The 26 Treasures project began with an exhibition at the Victoria & Albert Museum in 2010 and then spread to Aberystwyth, Belfast and Edinburgh. In each case, an exhibition of 26 artefacts reflecting national culture was accompanied by a booklet in which 26 writers each had 62 words to write about one of the objects. This autumn the concept is taken up by the Museum of Childhood in Bethnal Green, with writers picking one object for each year of Queen Elizabeth II’s reign. New crowd-sourcing publisher Unbound publish a limited edition anthology of all the contributions shortly, with a regular edition following in September.
Here the co-founder of the project, John Simmons, reveals its origins, coins a new literary term and asks for the treasures from your childhood.
What’s your treasure? It might sound like an idle thought, a question from a conversation over a cup of coffee. Actually that was exactly how it started. I was sitting in the National Gallery café talking to Rob Self-Pierson. We’re both members of 26 www.26.org.uk a writers’ group - and we were wondering, just between ourselves, how we might write about the Gallery’s collection in a different way. We wanted to find a way that would be more personal, taking us (and others) away from that desultory state of mind when you trail around a gallery or museum, not really connecting with the objects you’re supposed to be looking at in a reverent way.
So the idea grew in and out of the conversation. We decided we would write about individual ‘treasures’ in a way that was not scholarly or academic. Just asking: what does this object say to me? We took the idea to Ben Evans at the London Design Festival and he put us in touch with the Victoria & Albert Museum. We refined the idea: we would ask each of 26 writers to write exactly 62 words (26 in reflection). And we would randomly pair writers and objects.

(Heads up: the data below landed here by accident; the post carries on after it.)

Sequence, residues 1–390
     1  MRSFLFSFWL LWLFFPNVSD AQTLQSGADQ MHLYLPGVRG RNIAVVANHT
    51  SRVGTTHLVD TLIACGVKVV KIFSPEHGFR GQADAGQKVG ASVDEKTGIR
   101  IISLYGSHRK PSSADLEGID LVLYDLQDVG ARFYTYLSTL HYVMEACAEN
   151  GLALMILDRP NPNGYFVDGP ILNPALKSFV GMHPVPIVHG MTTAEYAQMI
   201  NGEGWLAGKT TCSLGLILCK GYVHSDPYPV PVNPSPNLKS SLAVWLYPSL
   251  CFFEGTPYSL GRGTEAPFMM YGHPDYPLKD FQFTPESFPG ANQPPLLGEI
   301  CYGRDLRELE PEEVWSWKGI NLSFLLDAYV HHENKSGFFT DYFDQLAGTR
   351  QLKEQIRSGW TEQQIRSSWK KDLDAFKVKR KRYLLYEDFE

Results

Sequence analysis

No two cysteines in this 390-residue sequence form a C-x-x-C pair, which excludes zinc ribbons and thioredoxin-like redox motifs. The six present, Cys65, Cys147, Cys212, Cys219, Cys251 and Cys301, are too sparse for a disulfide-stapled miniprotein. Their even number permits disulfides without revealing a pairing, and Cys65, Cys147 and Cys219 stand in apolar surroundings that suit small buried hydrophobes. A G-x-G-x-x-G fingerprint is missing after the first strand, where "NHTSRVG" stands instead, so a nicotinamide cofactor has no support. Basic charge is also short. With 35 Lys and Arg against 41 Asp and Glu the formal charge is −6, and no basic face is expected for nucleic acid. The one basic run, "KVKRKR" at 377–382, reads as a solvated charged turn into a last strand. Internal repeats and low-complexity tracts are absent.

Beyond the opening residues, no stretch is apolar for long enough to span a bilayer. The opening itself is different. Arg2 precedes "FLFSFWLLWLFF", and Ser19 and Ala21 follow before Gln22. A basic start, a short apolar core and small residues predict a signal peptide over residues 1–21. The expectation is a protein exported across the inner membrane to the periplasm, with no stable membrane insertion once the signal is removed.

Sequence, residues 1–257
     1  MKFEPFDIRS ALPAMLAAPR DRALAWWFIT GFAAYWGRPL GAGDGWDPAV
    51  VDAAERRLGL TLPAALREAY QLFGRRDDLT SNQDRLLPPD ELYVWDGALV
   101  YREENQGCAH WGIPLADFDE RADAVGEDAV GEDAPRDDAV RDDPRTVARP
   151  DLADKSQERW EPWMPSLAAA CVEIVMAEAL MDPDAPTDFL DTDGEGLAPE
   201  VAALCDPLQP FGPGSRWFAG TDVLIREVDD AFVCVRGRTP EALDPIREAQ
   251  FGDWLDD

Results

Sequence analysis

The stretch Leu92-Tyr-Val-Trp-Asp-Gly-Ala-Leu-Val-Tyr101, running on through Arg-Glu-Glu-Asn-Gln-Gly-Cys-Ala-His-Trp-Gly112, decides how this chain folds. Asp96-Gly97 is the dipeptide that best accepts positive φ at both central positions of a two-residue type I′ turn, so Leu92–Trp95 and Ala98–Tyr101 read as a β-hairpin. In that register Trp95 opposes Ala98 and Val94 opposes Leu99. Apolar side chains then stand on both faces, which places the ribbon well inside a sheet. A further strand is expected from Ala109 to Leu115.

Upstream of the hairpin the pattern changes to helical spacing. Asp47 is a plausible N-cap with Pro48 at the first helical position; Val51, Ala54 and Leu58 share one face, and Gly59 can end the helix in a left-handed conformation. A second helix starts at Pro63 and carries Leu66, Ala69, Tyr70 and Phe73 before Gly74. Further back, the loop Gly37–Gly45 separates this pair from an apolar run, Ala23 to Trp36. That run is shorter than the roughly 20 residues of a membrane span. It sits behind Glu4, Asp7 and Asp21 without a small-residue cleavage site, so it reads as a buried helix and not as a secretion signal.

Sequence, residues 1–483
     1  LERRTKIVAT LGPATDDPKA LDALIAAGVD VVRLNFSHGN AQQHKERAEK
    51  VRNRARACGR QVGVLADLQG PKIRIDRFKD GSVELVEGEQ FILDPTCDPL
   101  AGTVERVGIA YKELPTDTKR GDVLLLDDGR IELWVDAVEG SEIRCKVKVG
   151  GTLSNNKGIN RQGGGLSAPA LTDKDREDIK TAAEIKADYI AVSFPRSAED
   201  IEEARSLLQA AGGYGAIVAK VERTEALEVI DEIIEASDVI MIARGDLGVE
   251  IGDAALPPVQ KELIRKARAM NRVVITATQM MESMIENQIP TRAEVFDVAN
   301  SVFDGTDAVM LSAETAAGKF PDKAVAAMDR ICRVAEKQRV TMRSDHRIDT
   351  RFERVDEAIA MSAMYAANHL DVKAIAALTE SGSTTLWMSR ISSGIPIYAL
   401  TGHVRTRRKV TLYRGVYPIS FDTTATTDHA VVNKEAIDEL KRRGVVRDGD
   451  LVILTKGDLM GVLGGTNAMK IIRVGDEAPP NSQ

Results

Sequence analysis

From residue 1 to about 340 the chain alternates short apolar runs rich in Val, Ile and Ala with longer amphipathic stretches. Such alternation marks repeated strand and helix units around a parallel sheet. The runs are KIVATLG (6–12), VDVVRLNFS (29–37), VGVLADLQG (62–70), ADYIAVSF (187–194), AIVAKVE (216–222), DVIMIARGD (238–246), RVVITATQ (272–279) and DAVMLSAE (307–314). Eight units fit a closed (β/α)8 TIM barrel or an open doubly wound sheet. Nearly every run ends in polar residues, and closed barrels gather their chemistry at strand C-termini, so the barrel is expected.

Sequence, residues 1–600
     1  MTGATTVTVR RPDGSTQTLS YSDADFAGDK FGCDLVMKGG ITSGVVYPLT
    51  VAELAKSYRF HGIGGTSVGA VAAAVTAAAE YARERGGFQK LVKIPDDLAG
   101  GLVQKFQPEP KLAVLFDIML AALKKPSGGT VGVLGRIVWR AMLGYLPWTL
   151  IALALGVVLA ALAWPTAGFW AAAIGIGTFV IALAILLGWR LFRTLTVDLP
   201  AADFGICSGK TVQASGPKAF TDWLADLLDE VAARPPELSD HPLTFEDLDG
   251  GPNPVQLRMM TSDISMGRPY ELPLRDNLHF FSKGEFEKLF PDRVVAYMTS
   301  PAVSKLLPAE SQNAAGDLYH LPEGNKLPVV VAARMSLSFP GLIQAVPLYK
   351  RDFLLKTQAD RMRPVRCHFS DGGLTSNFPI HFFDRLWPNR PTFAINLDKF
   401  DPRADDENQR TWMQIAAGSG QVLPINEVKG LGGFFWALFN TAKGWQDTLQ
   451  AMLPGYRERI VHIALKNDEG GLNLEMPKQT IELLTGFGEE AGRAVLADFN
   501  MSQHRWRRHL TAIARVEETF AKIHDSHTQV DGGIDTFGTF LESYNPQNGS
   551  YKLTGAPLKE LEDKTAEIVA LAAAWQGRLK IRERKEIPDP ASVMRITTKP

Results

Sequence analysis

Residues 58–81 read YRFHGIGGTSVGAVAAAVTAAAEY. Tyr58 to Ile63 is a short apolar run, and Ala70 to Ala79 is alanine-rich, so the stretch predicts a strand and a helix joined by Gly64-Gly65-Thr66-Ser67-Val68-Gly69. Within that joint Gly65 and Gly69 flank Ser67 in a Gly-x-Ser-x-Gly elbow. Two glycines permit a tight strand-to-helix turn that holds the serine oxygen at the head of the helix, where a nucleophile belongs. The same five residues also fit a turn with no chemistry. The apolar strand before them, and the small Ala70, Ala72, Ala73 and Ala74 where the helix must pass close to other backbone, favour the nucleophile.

The V&A loved the idea and their curators chose 26 treasures from the British Galleries. ‘Treasures’ came in all shapes and sizes: the Great Bed of Ware (enormous), a locket (tiny). When we paired writers with objects sometimes it was love at first sight, sometimes it wasn’t. I didn’t warm to my 18th century Rococo candle stand that was almost hidden away in a badly-lit display case. But as I got to know it better, and think about its situation, I came to feel sorry for this curiosity fallen on hard times. I wrote 62 words in its rather petulant voice.
We had 26 pieces, each 62 words. I thought we needed a name for this form so I called it a ‘sestude’. The next thought was: can this go national? So we approached the National Library of Wales, the Ulster Museum and the National Museum of Scotland. The museums chose the treasures, we provided 26 writers to write a sestude each, and the museums then put our words alongside the objects.
That would have been it if I hadn’t had lunch with John Mitchinson. John’s an old friend, ex-Waterstone’s, ex-Harvill Press, founder of QI and now founder of Unbound, a new crowd-sourcing approach to publishing. www.unbound.co.uk I explained 26 Treasures to John, said that writers like Andrew Motion, Paul Muldoon, Alexander McCall Smith, Gillian Clarke and Michael Longley had taken part. Actually there were more - more than 100 writers in all. “Sounds like a great book.” It was a good lunch too. We agreed to publish 26 Treasures through Unbound.